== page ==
The world stands to benefit when the news is being reported by reporters and journalists with diverse backgrounds and ethnicities. Foreign journalists are allowed to temporarily come to the United States with a foreign journalist visa, or I visa. And while the rules governing foreign reporters working on U.S. soil have become stricter in the days since 9-11, the US government continues to make foreign journalist visas available.
This page was designed to give foreign media workers more information on the I visa, and to help them decide if they should contact an immigration lawyer for assistance. The following topics are covered on this page:
- Foreign Journalist Visa basics
- Applying for an I Visa
- Can My Family Join Me?
- Consulting an Immigration Attorney
It’s important to remember that while this page discusses certain subjects related to immigration law, it is not intended as a substitute for speaking directly with a licensed and experienced immigration attorney. If you are a member of the foreign media and would like to learn more about your eligibility for a foreign journalist visa or I-visa, contact our office to see how we can help.
Foreign Journalist Visa basics
Though it’s difficult to imagine now, there was a time when foreign journalists could come into the country under the U.S. visa waiver program, holding only a passport. However, as writer Elena Lappin, a British national wrote in the LA Times in 2004, reporters who come to the U.S. without an I Visa can be detained.
Lappin, a world-renowned writer and journalist, detailed a humiliating account of being led through LAX in handcuffs and locked in a small cell overnight under the unblinking eye of a surveillance camera before eventually being allowed to fly home. According to statistics maintained by Reporters Without Borders, 13 foreign reporters were detained in the U.S. in 2003, 12 of them at LAX. For professionals working under the pressure of constant deadlines, a trip to jail can spell disaster for an assignment. As such, foreign reporters, should always make every effort to cross their T’s and dot their I’s, or in this case, their I-visa.
In order to qualify for a temporary I-visa, a foreign national must be able to show that he or she is a bona fide member of the foreign press, radio, film, or other foreign information media. This can include primary employees of media organization engaged in filming news events and documentaries. Employees of independent production companies are eligible to apply for an I visa if they are credentialed by a professional journalistic association.
Television and other production crew members may also apply if the finished product will be used by a foreign-based media company to disseminate information or news (cannot be used primarily for advertising or commercial purposes). Freelance members of the foreign media are also eligible to apply, however, they must be credentialed and hold a valid contract.
The length of time allotted a foreign journalist visa varies, and is usually determined by a consular officer. In some cases, a Customs and Border Protection Officer will stamp the journalist’s Form I-94 upon arrival to the country. According to US Customs and Immigration Services (USCIS), if the Form I-94 indicates a specific expiration date, and the media representative wishes to stay beyond that date, an extension must be filed. This typically involves the foreign national filing an Application to Extend/Change Nonimmigrant Status (Form I-539), a document that is filed through USCIS.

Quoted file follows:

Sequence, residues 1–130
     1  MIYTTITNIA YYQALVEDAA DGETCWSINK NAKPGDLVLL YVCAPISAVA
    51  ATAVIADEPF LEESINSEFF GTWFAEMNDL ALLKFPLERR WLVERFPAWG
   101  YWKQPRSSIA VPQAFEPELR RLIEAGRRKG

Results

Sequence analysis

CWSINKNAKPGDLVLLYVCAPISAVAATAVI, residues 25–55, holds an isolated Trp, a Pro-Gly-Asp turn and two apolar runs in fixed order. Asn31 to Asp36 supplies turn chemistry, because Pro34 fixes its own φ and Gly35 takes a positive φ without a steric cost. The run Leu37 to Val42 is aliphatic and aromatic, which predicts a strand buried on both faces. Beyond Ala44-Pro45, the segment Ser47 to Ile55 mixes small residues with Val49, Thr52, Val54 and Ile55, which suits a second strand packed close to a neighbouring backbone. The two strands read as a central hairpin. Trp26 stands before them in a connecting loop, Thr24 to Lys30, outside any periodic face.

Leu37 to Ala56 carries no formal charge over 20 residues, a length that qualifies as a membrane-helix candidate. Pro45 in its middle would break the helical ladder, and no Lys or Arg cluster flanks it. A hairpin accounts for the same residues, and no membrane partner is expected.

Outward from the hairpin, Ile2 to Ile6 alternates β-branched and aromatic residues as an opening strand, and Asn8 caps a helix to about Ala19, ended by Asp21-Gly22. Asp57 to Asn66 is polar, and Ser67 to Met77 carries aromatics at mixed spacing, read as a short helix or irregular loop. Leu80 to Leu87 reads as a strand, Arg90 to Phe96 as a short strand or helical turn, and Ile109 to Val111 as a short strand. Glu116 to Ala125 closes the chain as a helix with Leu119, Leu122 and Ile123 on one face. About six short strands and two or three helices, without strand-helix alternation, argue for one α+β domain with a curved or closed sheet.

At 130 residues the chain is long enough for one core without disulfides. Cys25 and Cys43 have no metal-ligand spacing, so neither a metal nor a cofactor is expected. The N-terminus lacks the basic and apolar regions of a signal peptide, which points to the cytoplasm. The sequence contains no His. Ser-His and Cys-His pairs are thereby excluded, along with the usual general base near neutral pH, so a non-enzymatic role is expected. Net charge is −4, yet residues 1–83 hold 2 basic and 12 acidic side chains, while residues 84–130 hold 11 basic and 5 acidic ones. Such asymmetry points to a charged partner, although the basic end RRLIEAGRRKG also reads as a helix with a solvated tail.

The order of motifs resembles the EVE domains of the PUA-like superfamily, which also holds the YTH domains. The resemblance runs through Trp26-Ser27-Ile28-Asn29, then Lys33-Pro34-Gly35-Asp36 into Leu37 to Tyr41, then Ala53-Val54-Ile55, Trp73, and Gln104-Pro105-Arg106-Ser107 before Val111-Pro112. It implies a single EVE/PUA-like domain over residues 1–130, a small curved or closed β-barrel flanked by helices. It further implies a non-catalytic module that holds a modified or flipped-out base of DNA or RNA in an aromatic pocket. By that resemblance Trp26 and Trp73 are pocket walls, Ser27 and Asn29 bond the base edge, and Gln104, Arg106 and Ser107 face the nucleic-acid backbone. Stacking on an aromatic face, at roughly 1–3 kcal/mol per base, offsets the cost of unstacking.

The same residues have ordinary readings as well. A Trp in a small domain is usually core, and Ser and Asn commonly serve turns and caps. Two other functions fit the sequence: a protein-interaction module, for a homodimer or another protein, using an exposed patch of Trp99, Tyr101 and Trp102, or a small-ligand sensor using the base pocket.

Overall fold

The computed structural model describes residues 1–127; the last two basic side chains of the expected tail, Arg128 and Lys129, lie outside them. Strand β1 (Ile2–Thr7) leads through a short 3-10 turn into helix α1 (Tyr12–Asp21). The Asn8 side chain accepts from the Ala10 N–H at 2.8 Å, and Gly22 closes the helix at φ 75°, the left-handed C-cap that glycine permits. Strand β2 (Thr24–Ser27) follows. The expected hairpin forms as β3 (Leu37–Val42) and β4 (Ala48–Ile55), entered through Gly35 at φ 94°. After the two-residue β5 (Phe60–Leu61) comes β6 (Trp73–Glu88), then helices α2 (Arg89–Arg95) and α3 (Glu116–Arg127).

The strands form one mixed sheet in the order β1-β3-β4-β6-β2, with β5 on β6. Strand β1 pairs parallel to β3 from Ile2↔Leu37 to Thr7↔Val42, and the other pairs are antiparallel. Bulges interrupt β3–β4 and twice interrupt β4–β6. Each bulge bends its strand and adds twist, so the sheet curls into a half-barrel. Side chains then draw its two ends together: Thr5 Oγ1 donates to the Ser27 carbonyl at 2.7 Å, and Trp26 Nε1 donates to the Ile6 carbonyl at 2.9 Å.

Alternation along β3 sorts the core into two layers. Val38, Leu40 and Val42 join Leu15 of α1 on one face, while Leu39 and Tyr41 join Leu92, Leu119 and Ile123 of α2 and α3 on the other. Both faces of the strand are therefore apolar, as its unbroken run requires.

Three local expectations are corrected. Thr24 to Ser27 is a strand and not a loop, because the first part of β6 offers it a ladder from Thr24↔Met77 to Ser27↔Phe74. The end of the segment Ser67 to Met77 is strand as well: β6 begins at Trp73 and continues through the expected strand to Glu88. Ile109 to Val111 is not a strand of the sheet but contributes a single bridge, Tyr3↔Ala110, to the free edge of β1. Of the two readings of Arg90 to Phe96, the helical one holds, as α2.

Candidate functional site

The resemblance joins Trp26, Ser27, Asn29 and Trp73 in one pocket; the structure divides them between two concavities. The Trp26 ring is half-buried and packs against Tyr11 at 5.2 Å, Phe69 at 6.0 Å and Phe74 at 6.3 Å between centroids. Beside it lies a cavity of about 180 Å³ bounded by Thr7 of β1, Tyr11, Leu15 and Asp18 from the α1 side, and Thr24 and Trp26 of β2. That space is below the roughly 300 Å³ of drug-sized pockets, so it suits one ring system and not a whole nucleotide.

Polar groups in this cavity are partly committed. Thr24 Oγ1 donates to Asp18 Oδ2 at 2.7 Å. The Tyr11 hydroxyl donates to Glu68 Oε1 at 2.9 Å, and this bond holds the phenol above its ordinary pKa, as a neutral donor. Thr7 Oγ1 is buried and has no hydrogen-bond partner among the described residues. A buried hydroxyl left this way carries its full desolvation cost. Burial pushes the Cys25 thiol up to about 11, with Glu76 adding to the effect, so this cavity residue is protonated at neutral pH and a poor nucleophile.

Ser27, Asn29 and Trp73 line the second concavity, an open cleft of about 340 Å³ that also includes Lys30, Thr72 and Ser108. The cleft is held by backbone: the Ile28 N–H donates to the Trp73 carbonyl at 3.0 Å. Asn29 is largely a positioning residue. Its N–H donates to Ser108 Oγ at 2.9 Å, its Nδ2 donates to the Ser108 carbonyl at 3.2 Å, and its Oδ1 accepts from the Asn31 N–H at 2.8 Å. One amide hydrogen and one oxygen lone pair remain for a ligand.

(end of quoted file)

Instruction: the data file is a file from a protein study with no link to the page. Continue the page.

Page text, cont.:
Applying For an I-Visa
In order to obtain a Foreign Journalist Visa, the petitioner will typically visit a US Embassy or consulate in the country where they reside. They might also be able to fill out an Online Visa Application (Form DS-160). An interview with a consular officer might be scheduled. It is helpful to hire an immigration attorney to assist in this process. Once a visa is approved, the foreign journalist will be able to travel to a U.S. port of entry where he or she can request permission to enter the U.S.
Can My Family Join Me if I Get an I Visa?
In many cases, yes. Spouses and unmarried children (under the age of 21) are eligible to join foreign journalists under I status. While they are not eligible to obtain work authorization, in some cases they can study without first obtaining F-1 status. If your family doesn’t intend to live with you during your assignment, they may be able to visit under B-2 nonimmigrant status.
Consulting an Immigration Attorney
When attempting to apply for a Foreign Journalist Visa, a member of the media is not required to obtain the services of an immigration attorney. However, the U.S. immigration system is vast and complex. The I Visa application process usually involves multiple federal agencies. It is the job of the immigration attorney to help the client navigate this system and hopefully avoid filing errors that could cause delays for journalists working on a deadline. If you have questions about your eligibility for a Foreign Journalist Visa or how to apply, contact our office for more information.